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IN RE: Michael LY, et al., appellants, v. NEW YORK CITY EMPLOYEES RETIREMENT SYSTEM, respondent.
DECISION & ORDER
In a proceeding pursuant to CPLR article 78 to review certain determinations of the respondent which reclassified the petitioners' respective pension plans from Tier 3 to a Tier 3 revised plan, and to compel the respondent to reinstate the petitioners to Tier 3, the petitioners appeal from a judgment of the Supreme Court, Kings County (Debra Silber, J.), dated June 8, 2018. The judgment denied the petition and dismissed the proceeding.
ORDERED that the judgment is affirmed, with costs.
The petitioner Michael Ly started working for the New York City Police Department as a police communications technician on September 5, 2010. He became a member of the respondent, New York City Employees Retirement System (hereinafter NYCERS), on September 16, 2010, and was placed in Tier 4. On September 6, 2012, he was appointed as a correction officer with the New York City Department of Correction. Thereafter, NYCERS placed him in Tier 3 with a 20 year Correction Force (hereinafter CF–20) pension plan. In or around July 2017, NYCERS advised him that his CF–20 plan was no longer in effect and that he was now in the Uniform Correction Force 22 year plan (hereinafter CF–22), a modified Tier 3 plan.
The petitioner Joe Lopez, Jr., became employed as a traffic agent for the New York City Police Department on July 12, 2010. On August 2, 2010, he joined NYCERS and was placed in Tier 4. On September 26, 2013, he was appointed as a correction officer, and NYCERS placed him in Tier 3 with a CF–20 plan. On September 13, 2017, NYCERS wrote to him, advising that his placement in the CF–20 plan was incorrect, and that it was mandated by law to place him into the CF–22 plan.
The petitioners commenced the instant proceeding pursuant to CPLR article 78, challenging NYCERS's determinations reclassifying them from CF–20 to CF–22. In the judgment appealed from, the Supreme Court denied the petition and dismissed the proceeding, reasoning that, pursuant to the Retirement and Social Security Law, NYCERS correctly determined that the petitioners were never entitled to CF–20 benefits and properly reclassified them to the appropriate plan, CF–22. The petitioners appeal.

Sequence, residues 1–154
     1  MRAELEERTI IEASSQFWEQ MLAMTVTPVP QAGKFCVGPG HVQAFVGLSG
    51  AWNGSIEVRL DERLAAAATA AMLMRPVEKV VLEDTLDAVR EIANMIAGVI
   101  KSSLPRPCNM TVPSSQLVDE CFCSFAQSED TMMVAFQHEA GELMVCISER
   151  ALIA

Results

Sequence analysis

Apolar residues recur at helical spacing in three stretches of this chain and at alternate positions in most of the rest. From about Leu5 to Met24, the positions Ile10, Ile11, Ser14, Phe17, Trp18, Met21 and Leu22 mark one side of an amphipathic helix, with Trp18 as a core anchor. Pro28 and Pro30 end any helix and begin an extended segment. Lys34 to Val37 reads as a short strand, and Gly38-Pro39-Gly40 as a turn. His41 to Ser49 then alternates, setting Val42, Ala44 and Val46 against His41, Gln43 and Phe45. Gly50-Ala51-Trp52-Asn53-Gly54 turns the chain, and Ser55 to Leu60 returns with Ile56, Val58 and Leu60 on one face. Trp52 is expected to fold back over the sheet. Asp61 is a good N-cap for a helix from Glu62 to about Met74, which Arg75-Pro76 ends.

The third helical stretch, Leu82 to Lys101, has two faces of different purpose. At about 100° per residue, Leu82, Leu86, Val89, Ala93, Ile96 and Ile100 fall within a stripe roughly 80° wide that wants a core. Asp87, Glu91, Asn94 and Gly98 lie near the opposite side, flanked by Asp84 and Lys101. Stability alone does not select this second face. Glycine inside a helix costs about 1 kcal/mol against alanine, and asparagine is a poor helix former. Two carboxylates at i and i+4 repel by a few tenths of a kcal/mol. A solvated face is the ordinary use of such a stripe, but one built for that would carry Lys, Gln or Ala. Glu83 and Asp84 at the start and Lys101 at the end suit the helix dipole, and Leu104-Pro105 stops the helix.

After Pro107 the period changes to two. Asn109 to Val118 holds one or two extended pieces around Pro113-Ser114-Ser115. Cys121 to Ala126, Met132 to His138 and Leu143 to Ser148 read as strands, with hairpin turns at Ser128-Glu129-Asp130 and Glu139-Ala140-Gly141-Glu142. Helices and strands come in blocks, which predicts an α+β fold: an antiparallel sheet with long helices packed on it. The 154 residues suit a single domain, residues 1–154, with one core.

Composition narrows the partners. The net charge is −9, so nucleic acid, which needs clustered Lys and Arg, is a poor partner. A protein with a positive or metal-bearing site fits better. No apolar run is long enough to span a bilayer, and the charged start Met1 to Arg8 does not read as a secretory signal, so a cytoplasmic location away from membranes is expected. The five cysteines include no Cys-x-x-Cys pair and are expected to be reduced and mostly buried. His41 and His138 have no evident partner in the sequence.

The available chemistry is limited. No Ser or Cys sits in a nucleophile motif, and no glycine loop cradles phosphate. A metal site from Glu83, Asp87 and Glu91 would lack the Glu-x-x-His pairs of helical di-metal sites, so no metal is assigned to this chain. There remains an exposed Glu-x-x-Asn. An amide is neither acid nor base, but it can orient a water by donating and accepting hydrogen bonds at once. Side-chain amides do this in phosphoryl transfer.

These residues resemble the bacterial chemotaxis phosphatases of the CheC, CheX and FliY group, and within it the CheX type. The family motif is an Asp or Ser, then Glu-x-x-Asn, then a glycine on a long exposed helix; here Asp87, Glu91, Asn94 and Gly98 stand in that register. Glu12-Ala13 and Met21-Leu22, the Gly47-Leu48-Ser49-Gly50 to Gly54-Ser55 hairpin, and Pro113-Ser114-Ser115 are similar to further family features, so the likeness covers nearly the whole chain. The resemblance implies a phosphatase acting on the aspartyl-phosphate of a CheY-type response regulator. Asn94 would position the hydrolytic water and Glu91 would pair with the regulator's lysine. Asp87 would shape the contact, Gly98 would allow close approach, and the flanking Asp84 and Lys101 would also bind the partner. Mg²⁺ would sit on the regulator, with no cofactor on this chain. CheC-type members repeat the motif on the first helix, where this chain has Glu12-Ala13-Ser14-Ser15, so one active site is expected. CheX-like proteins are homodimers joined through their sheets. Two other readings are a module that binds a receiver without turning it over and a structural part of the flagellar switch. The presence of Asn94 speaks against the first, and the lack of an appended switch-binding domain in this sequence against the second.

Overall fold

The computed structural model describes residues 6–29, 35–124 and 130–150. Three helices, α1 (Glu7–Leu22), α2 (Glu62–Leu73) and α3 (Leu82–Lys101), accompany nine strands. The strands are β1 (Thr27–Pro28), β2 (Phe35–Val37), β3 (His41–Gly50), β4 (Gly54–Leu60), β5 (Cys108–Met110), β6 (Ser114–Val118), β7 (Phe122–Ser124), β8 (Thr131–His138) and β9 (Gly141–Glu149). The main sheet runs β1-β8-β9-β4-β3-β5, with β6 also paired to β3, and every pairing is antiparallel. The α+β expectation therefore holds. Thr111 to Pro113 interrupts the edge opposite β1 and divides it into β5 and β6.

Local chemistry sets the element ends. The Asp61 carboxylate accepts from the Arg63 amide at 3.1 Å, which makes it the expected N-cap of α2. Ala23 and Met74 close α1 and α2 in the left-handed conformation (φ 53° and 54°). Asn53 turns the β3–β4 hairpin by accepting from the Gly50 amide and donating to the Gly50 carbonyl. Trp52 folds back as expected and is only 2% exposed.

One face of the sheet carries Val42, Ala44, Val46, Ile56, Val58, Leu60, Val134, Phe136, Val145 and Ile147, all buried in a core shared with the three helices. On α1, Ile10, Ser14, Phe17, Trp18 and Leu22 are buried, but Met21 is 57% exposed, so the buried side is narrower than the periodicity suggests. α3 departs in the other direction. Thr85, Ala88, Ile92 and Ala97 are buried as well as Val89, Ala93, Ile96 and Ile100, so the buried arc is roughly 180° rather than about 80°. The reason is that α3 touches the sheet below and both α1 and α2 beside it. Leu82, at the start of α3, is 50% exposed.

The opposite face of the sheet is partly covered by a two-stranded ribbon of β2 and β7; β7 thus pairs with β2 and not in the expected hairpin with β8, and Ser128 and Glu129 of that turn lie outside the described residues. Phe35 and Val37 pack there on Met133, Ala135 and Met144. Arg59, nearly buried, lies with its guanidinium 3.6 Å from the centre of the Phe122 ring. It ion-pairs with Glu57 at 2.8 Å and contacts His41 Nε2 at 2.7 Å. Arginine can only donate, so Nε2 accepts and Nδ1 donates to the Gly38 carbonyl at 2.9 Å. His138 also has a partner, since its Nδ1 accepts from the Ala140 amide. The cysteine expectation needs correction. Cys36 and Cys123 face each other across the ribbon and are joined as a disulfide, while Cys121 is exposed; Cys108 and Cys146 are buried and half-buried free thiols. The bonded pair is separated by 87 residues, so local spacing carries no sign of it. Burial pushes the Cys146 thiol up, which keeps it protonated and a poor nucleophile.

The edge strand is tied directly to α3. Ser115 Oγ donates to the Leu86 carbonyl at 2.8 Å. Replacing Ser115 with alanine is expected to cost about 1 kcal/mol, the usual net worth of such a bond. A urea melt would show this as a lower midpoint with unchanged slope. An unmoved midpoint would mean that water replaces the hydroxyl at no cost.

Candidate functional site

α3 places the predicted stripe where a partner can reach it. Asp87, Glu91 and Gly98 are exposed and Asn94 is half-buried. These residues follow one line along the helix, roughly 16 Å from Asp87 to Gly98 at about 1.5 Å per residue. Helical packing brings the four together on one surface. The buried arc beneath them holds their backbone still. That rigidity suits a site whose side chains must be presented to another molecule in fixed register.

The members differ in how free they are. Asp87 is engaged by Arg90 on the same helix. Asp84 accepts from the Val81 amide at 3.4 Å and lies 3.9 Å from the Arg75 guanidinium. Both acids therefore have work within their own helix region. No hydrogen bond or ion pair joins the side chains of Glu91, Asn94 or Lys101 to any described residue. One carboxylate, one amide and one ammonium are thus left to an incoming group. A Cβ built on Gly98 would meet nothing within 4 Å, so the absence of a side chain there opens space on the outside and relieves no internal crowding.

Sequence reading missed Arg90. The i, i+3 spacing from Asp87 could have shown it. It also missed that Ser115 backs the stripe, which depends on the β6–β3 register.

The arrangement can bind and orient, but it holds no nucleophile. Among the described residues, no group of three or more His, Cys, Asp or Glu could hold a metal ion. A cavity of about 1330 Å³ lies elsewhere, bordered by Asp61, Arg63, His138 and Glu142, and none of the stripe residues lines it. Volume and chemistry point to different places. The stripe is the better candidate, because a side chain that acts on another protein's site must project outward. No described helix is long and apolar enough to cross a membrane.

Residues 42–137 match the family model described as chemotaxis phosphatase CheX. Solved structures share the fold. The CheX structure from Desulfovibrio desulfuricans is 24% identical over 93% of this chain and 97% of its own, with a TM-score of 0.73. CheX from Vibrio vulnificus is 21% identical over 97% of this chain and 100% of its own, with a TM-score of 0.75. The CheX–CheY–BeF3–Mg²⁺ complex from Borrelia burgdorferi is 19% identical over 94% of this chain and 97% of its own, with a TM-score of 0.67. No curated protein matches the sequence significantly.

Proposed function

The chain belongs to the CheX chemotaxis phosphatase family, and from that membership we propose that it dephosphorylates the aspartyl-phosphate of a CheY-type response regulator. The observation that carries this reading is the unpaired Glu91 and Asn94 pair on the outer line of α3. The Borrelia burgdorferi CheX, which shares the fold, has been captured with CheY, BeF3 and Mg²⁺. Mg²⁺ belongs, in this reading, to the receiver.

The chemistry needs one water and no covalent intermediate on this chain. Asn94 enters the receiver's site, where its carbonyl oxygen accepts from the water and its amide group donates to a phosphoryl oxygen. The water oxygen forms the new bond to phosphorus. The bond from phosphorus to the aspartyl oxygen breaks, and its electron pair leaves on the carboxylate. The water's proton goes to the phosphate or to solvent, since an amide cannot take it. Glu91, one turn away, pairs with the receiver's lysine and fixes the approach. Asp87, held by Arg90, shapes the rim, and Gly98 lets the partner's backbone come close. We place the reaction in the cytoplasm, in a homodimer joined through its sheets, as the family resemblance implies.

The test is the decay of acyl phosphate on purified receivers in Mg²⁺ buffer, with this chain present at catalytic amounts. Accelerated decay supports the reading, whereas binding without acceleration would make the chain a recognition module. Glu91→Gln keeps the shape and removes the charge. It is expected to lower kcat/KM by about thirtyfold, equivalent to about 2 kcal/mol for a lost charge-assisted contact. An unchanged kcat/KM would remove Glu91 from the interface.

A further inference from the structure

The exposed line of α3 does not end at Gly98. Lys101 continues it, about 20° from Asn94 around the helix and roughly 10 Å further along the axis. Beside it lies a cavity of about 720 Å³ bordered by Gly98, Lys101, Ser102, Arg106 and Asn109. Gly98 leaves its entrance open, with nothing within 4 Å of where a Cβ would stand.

“NYCERS is the public employee retirement system responsible for administering the retirement programs for employees of the City and various City-related participating employers” (Matter of Kaslow v. City of New York, 23 N.Y.3d 78, 83, 989 N.Y.S.2d 431, 12 N.E.3d 429). “City employees become members of NYCERS, which manages the system's invested funds and determines and pays out benefits to retirees according to requirements established by state and city law. In general, a member's retirement benefits vary by tier and plan, which are determined by date of membership and job title, respectively” (id. at 84, 989 N.Y.S.2d 431, 12 N.E.3d 429). In March 2012, the Legislature amended certain provisions of the Retirement and Social Security Law (see L 2012, ch 18; Bill Jacket, L 2012, ch 18). Before the 2012 amendment, any person who became employed as a uniformed correction officer was eligible to join the CF–20 plan in Tier 3 (see Retirement and Social Security Law former § 504–d).
The 2012 amendment created the correction “revised plan,” CF–22 (Retirement and Social Security Law § 501; see 2012 N.Y. Senate–Assembly Bill S6735, A9558). Pursuant to Retirement and Social Security Law § 504–a(b)(4–a), “no member of the uniformed force of the New York [C]ity department of correction who is a New York city uniformed correction ․ revised plan member shall be a participant in the twenty-year [CF–20] retirement program.” A “New York [C]ity uniformed correction/sanitation revised plan member” “shall mean a member who becomes subject to the provisions of this article on or after April first, two thousand twelve, and who is a member of either the uniformed force of the New York [C]ity department of correction or the uniformed force of the New York [C]ity department of sanitation” (Retirement and Social Security Law § 501).
We agree with the Supreme Court that, pursuant to the plain meaning of Retirement and Social Security Law § 501(25), the petitioners are correction “revised plan members” and, therefore, were not entitled to CF–20 benefits. It is undisputed that, when the petitioners joined NYCERS in 2010, they joined as Tier 4 members and were subject to article 15 of the Retirement and Social Security Law. Accordingly, they were not “subject to the provisions of” article 14, which governs Tier 3, until after April 1, 2012, when they were appointed as correction officers (Retirement and Social Security Law § 501).